<p>Is it possible to double major in chemE and materials E within 4 years?</p>

<p>Depends on the school.</p>

<p>It may also depend on whether you can start in more advanced courses due to AP tests or college courses taken while still in high school.</p>

<p>global travler only listed one years worth of classes. Materials frequently has a series of 6 labs that start Sophmore year. If you want to do a chem/materials combo you better get that schedule figured out fast. Remember you can always take a few summer or winter classes to keep things rolling along. Good luck.</p>

<p>^ ya i think double major would be great, if i can finish in years. </p>

<p>Of course I can take a couple courses over the summer to keep up.</p>

<p>Would a double major in matE and chemE increase salary or job availability?
What would the advantages be?</p>

<p>I think it would make you the first one in either department to get an offer. Might even get you your choice of offers depending on the economy at the time. There should be a good amount of overlap. It also gives you the option of starting as a double major and only finishing one if push comes to shove (which happens). Salary wise it will give you a small bump. But option wise I think you will be graduating with an offer in hand rather than scrambling to find something that first summer out, and considering grad school as so many do. I would just do it to see which one you like more and treat the second as a minor. It is a heck of a lot better plan than changing majors in your Sophmore year and getting behind.</p>

Would a double major in matE and chemE increase salary or job availability?
What would the advantages be?


<p>For some reason, people have it in their head that a double major gives you an edge on the job market. It doesn't. It puts you in a niche for chemical engineering hiring managers. If you apply for a position that's not materials-based, such a process engineering position in O&G, you'll be at a huge disadvantage (I wouldn't look any further on your resume) because you've basically told hiring managers that you only want to work in the materials-chemical interface. Hiring managers looking for a niche candidate tend to look to graduate students, because this where you find more of the niche fields.</p>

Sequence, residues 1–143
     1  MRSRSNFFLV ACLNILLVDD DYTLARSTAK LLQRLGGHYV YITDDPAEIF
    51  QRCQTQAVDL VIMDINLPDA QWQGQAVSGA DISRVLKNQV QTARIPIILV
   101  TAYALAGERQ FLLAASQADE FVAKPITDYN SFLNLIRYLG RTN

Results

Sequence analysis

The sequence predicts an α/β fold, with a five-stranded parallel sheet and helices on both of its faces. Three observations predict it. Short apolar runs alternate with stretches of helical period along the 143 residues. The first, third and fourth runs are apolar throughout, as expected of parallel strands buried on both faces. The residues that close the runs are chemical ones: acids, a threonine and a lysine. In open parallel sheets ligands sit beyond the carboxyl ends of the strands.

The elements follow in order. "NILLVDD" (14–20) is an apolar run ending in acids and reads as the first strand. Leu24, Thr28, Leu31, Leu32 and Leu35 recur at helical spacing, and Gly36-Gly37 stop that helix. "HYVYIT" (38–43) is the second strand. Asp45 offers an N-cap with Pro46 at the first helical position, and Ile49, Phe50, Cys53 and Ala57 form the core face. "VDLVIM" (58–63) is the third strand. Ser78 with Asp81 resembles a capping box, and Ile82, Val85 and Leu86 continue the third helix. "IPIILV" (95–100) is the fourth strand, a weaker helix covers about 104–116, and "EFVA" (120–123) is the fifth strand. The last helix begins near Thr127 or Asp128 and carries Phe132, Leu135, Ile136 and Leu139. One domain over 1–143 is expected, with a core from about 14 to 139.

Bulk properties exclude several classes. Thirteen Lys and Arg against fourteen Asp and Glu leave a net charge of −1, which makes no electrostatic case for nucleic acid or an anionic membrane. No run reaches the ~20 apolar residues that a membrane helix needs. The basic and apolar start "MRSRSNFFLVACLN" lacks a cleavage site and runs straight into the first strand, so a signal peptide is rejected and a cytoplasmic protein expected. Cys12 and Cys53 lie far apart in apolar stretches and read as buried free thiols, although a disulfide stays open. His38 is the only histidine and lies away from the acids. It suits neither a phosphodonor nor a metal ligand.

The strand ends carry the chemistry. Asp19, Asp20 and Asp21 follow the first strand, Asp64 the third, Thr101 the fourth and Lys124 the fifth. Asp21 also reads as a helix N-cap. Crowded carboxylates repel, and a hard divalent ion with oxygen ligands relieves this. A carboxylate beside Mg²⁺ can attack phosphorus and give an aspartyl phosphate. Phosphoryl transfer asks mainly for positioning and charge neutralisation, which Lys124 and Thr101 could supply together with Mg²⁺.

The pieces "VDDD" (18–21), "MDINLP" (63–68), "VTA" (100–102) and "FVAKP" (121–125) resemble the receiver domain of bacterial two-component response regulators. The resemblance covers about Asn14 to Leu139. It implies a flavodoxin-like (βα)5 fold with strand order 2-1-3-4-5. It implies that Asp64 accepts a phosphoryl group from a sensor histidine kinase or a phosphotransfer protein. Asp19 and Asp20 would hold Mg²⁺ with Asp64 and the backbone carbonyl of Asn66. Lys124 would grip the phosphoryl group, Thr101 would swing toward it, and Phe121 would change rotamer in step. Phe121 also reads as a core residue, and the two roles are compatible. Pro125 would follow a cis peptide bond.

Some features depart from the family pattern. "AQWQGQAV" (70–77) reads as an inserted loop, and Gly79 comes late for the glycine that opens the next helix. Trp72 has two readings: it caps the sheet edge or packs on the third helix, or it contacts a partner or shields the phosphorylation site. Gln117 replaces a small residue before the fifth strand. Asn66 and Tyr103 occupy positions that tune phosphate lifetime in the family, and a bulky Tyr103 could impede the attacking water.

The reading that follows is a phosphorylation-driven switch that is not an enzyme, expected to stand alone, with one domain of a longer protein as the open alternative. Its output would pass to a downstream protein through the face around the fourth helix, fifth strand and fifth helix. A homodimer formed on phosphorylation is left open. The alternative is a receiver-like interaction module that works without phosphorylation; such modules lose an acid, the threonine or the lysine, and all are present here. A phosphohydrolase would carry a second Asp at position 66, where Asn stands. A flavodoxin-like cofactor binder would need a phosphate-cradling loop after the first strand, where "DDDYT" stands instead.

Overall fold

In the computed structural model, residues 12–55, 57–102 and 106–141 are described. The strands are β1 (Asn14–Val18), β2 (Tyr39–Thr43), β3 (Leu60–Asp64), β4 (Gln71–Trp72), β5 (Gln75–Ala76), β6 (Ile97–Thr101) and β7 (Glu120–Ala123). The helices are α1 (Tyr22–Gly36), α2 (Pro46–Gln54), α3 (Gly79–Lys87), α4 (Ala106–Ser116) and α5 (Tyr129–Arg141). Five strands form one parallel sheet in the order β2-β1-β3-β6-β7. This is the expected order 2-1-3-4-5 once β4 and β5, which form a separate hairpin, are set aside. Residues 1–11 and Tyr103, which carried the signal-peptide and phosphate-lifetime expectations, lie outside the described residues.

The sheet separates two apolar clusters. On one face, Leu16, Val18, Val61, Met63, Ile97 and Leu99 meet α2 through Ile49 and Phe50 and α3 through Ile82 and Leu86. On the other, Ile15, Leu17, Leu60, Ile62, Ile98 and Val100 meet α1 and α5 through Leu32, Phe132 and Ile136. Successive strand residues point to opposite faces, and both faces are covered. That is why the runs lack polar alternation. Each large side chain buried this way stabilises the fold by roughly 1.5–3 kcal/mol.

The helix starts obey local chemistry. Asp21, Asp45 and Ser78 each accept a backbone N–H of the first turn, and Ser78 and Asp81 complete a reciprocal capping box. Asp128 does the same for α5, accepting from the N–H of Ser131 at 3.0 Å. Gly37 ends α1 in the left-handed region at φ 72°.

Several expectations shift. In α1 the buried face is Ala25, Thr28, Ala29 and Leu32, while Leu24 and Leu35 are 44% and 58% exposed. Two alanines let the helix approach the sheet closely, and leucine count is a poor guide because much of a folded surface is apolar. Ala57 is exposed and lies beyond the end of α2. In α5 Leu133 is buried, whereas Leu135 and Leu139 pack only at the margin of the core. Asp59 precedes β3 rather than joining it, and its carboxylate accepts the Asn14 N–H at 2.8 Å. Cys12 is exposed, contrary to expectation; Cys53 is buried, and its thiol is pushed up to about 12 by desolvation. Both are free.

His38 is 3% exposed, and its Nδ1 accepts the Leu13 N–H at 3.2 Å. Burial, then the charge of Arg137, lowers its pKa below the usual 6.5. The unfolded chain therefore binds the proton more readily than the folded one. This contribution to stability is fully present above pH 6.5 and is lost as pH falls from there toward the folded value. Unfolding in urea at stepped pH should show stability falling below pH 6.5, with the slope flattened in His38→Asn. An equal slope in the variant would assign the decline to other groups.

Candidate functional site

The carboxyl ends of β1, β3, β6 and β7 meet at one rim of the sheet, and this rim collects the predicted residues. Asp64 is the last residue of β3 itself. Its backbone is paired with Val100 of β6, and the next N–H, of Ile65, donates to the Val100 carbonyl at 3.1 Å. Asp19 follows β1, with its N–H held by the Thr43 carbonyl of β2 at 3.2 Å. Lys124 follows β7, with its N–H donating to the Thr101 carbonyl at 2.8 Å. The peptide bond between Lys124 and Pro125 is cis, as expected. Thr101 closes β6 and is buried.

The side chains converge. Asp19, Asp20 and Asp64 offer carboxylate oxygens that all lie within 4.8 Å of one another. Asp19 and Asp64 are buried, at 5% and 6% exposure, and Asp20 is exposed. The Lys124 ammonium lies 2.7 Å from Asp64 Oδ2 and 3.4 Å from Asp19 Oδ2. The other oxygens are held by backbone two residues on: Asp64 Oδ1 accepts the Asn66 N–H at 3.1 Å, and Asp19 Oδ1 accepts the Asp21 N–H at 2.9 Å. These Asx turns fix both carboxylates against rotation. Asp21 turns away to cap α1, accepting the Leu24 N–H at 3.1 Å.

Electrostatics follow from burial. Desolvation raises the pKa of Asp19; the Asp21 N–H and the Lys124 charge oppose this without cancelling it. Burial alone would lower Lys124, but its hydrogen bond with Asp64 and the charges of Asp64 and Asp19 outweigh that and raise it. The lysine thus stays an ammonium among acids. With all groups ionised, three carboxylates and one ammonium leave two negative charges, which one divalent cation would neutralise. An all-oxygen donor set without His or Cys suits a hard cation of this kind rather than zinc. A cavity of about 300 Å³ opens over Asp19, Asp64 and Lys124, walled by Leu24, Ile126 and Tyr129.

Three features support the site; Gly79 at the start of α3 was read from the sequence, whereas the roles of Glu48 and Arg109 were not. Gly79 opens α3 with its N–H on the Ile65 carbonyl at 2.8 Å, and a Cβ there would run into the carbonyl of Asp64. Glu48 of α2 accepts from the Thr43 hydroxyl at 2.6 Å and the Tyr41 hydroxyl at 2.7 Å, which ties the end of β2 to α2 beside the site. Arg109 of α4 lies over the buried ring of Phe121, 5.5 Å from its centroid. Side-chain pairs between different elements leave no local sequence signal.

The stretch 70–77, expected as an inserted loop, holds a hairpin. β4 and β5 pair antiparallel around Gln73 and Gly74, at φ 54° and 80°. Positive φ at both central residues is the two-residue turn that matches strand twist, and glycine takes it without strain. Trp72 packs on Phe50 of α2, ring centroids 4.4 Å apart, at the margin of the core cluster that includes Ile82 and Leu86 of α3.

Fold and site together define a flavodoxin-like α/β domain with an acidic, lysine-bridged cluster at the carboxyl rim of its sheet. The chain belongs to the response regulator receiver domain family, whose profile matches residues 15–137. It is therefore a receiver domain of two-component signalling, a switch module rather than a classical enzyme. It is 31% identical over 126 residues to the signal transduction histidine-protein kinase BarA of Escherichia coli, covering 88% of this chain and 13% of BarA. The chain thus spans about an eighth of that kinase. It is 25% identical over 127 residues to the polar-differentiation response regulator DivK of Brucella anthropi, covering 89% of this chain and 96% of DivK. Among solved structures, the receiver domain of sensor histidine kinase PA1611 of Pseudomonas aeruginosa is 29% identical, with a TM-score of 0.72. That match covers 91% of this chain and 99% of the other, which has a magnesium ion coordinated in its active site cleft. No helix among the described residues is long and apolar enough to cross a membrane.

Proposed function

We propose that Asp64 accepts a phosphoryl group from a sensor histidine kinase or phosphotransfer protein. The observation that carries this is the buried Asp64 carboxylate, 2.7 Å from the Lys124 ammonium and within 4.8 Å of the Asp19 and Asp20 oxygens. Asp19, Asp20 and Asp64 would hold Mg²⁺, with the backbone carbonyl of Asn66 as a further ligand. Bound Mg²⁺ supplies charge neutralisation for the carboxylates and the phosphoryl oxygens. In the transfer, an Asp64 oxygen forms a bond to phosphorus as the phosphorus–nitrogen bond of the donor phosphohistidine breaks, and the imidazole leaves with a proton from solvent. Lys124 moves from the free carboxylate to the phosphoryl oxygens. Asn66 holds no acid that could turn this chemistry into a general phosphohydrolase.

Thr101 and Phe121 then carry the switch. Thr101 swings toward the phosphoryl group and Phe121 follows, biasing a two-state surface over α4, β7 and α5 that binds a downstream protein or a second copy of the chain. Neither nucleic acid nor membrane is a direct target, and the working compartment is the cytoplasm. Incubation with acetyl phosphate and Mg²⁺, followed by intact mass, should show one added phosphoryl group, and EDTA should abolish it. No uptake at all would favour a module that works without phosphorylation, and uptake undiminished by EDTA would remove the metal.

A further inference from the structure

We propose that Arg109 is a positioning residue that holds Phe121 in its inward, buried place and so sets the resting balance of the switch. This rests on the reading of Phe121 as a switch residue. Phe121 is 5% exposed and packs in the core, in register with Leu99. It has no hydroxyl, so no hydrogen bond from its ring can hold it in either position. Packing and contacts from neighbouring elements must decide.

<p>If you want to separate yourself on the job market, a higher GPA or a BS+MS is more valuable than a double major.</p>

<p>Does anyone know what subcategory of chemE is the most employable.</p>

<p>My school offers pharmaceuticals, biomaterials, nanomaterials, materials processing, polymers, and sustainable energy</p>

<p>I want to have everything planned out and be in a field that I really like so I can focus on studying and maybe go on to Masters</p>

<p>Don't worry about the job prospects 3 years from now, it's not as if you are majoring in basket weaving. When I got my MBA the hot jobs were in investment banking. Everyone was getting summer internships. Roll forward only 6 months and a recession hit Wall Street. None of the interns received offers when they graduated because they were competing against many experienced investment bankers that had been laid off. 2-3 years later Wall Street was hiring again.</p>


<p>I guess I will just study what I like, and see where it takes me</p>